Pitts, and Hartzler on SCOTUS Marriage Ruling

Jun 26, 2015



Pitts – Steven Stafford, 202-225-2411

Hartzler – Kyle Buckles, 202-225-2876


WASHINGTON, D.C. –Congressman Joe Pitts (PA-16) and Congresswoman Vicky Hartzler (MO-04) released the following statements after the Supreme Court ruled today in Obergefell v. Hodges, on whether to affirm marriage and preserve the rights of Americans in each state to debate and decide on marriage law and policy:


Congressman Pitts: “Despite the votes of 5 unelected lawyers, marriage was between a man and a woman at the time that the Fourteenth Amendment was enacted, at the Founding of our country, and in every time and place until 2004. Just two short years ago, the same five justices insisted that marriage was a policy decision that properly belonged to the states. Today's ruling will lead to grave infringements of religious freedom across the United States.  Every American should be free to affirm the truth about marriage without being punished by the government. In the wake of this decision, we must ensure that no governmental entity is ever permitted to discriminate against Americans because they affirm the truth about marriage. No one should be forced to choose between their faith and their livelihood.”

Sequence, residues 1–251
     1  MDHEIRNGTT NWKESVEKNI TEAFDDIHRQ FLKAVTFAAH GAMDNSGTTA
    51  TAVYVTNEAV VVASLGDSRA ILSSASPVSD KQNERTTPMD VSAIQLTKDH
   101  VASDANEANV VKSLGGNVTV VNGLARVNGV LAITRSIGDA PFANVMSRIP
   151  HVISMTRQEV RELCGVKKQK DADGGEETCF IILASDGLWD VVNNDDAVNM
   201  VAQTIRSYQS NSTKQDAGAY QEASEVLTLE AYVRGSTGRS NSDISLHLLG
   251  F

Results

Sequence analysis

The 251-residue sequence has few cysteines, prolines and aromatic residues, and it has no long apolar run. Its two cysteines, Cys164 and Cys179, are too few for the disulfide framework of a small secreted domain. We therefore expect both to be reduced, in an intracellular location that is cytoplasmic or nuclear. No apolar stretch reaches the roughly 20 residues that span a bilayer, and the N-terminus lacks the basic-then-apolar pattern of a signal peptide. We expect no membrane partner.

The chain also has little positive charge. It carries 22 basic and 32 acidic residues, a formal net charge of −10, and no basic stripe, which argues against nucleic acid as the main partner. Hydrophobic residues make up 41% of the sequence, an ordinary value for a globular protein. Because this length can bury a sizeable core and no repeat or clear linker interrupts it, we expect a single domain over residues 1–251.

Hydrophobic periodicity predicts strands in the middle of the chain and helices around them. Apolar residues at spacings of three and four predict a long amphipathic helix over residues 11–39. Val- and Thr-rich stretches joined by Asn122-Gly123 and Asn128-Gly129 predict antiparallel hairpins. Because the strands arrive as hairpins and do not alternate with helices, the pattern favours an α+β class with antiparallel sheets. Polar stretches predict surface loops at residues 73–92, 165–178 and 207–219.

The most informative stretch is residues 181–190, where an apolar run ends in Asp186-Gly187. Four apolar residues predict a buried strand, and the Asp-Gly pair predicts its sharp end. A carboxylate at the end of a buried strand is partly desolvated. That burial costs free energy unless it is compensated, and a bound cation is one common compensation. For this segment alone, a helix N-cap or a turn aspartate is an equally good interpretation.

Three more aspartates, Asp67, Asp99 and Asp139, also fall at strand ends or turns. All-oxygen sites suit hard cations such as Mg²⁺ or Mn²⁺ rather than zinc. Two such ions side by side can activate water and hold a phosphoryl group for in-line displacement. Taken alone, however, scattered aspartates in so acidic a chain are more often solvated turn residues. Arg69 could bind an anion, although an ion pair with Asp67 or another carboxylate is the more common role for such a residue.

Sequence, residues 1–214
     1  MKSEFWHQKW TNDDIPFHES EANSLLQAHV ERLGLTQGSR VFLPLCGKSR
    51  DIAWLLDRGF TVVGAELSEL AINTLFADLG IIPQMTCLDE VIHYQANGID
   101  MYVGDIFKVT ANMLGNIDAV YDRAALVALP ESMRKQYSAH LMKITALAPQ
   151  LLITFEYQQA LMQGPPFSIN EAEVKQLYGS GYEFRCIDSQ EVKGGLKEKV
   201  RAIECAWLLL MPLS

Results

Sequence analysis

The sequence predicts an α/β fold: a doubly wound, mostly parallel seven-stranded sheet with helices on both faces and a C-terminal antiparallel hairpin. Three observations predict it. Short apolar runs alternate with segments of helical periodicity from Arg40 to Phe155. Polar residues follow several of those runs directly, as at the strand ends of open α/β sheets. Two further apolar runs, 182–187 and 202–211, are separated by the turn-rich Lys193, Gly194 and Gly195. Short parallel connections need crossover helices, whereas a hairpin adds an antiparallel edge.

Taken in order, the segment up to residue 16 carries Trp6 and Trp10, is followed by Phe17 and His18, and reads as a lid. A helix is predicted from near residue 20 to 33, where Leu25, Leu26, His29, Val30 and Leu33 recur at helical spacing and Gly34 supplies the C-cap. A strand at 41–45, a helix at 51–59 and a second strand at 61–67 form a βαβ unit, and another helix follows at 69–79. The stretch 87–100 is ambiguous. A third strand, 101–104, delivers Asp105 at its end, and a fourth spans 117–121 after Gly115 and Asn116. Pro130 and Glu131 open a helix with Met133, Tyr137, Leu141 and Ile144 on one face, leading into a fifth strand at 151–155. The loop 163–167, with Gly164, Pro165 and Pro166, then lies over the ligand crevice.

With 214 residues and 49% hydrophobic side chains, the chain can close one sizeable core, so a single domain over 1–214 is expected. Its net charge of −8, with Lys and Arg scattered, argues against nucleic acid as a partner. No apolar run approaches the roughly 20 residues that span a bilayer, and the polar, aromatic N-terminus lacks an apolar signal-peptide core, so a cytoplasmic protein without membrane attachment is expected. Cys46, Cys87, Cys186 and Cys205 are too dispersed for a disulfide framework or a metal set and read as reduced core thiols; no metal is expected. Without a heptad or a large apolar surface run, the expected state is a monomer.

Congresswoman Hartzler: “I am disappointed in the Court’s decision to stifle the voices of Missouri’s voters.  Decisions on marriage policy should be left in the hands of the 50 states, allowing those who wish to define marriage as being between one man and one woman, as we did in Missouri, to do so.  Today’s ruling tramples on the voice of the people.  I will continue to champion marriage as the union between one man and one woman so every child has the opportunity to have both a mom and a dad.”


Background: The Supreme Court ruled today on Obergefell v. Hodges, which combines separate cases from Michigan, Ohio, Kentucky and Tennessee and states that had defined, for legal purposes, marriage as between one man and one woman.


Both members signed an amicus brief urging the Court to affirm the decision of the 6th Circuit Court of Appeals to uphold the rights of states to maintain their traditional marriage laws.